Deloitte Report - Measuring the Economic Benefits of Mathematical Science Research in the UK
The Engineering and Physical Sciences Research Council (EPSRC) has published the report it commissioned from Deloitte on the economic benefits of mathematical science research in the UK. The Council for the Mathematical Sciences (CMS) and the learned societies worked in partnership with the EPSRC and provided evidence, but the report is an independent study by the consulting firm Deloitte. The report reflects the excellence of the UK mathematics research base, and the impressive and far-reaching impact of the mathematical sciences.
The report [download PDF] looked at mathematical science occupations, defined as occupations which either entail mathematical science research or which use tools and techniques derived from mathematical science research. The report estimates the contribution of mathematical science to the UK economy in 2010 to be quite remarkable: 2.8 million in employment terms (around 10 per cent of all jobs in the UK) and £208 billion in terms of Gross Value Added (around 16 per cent of total UK GVA). Productivity (as measured by direct GVA per worker) is significantly higher in mathematical science occupations compared to the UK average (approximately £74,000 versus £36,000), and as such the direct GVA impact of mathematical sciences research is proportionately higher than the share of direct employment.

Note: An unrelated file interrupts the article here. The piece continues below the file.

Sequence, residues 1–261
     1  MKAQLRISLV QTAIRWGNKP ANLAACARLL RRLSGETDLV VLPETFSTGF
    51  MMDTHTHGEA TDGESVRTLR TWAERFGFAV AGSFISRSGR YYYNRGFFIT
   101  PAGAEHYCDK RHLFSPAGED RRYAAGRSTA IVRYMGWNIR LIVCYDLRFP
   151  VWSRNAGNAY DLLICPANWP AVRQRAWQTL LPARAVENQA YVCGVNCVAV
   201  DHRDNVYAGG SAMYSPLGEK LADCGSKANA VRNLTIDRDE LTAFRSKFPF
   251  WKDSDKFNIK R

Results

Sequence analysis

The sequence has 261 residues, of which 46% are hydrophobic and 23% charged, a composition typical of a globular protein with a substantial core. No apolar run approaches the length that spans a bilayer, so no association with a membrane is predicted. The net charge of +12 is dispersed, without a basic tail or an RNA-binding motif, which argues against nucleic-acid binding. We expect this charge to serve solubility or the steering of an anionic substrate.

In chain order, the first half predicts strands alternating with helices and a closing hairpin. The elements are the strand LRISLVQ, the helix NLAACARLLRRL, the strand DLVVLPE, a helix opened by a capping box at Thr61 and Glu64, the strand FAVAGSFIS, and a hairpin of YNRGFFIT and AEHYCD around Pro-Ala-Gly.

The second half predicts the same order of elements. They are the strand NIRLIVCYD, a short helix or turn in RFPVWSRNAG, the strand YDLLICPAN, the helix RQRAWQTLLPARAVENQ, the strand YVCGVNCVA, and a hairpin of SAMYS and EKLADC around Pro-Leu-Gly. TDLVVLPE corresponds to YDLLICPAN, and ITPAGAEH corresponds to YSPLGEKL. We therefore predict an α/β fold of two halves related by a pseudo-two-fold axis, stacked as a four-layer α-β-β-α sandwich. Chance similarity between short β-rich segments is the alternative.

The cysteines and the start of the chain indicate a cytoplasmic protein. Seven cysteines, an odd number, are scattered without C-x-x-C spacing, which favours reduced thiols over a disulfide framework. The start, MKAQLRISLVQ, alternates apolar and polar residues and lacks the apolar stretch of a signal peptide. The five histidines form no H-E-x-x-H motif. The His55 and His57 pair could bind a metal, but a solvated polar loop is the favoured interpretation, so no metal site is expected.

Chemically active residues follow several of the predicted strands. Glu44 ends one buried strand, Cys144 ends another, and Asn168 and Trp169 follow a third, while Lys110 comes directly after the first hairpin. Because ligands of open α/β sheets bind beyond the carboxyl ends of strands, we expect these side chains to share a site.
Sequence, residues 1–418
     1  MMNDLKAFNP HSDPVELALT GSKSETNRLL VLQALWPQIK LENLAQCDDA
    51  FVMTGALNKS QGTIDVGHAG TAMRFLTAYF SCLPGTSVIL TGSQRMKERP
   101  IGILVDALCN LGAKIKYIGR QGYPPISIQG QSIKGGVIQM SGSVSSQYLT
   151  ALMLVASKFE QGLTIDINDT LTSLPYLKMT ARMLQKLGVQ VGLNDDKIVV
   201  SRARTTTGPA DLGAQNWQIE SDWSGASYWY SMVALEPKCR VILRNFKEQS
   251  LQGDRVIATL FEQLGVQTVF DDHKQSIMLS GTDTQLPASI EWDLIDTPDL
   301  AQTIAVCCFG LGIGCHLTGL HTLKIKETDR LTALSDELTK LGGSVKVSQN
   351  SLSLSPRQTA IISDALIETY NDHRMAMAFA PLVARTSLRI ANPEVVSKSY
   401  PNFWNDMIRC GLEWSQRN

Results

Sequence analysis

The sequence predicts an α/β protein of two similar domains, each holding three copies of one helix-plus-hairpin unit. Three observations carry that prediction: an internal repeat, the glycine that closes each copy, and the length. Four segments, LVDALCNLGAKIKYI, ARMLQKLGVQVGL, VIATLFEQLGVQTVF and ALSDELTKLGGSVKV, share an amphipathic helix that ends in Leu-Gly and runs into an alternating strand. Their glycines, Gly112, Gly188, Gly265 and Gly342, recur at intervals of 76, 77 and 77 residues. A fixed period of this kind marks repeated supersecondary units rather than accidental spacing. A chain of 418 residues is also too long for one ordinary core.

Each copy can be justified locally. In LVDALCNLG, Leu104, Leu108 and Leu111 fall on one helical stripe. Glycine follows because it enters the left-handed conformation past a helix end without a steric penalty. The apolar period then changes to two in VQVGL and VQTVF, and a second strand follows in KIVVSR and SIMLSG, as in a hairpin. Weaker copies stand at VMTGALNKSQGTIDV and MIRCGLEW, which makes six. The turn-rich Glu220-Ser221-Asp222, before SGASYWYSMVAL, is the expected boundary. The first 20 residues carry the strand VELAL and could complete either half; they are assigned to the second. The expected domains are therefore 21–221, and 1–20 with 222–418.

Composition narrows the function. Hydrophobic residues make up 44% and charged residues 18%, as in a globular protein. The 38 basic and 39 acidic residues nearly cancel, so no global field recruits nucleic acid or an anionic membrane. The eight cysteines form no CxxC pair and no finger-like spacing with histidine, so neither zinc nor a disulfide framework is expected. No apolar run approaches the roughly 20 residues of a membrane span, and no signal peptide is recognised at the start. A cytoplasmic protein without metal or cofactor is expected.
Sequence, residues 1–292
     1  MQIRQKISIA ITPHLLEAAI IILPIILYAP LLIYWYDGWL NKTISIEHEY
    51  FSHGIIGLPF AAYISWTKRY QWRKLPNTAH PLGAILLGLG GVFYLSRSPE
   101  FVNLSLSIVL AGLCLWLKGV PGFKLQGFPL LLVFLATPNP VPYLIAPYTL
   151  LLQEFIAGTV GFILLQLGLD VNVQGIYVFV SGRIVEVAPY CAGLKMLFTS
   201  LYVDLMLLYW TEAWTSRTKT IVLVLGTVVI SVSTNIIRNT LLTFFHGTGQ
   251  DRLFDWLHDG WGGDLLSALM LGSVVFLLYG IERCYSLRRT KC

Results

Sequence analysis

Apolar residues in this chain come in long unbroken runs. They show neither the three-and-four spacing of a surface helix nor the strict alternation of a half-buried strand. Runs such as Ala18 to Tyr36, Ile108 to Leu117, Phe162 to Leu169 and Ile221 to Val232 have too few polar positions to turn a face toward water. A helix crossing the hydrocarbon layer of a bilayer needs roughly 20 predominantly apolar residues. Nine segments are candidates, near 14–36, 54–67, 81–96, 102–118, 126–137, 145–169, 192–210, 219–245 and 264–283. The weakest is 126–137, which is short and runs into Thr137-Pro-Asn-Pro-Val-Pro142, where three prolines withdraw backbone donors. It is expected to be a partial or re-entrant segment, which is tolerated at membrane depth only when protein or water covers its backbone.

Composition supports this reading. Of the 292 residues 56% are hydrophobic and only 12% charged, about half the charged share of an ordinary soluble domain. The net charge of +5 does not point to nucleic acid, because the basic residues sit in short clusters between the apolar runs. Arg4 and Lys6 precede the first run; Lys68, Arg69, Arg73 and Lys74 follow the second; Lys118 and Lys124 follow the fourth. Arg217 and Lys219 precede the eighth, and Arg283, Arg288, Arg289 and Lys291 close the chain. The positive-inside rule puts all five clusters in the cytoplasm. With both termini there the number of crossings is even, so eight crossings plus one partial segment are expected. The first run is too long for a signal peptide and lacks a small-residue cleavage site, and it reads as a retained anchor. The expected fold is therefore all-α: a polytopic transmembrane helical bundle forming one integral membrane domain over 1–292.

In addition to these direct impacts, mathematical research activities by organisations and employees have impact across the supply chain (indirect effects) and also affect household spending (induced effects). There are also wider impacts and benefits generated by organisations using the research.
Sectors contributing to this impact include Computer Services, Finance, Aerospace, Telecommunications, Research and Development, Pharmaceuticals, Public Administration and Defence. The impact of data analytics, and its contribution to innovation and new investment, is particularly noted.
Professor Frank Kelly, Chair, CMS, said that, ‘The flow of trained mathematical scientists into other disciplines and into the industries of the future is critical to the UK’s economic growth prospects, as whole sectors of the economy are transformed by new, essentially mathematical, technologies. Young people with an aptitude and interest in the subject will find University Mathematics and Statistics to be beautiful, challenging and extraordinarily stimulating. They should be reassured that, in addition, it is a subject which underpins our 21st century technology, economy and society, and that the demand for trained mathematical scientists is exceptionally high’.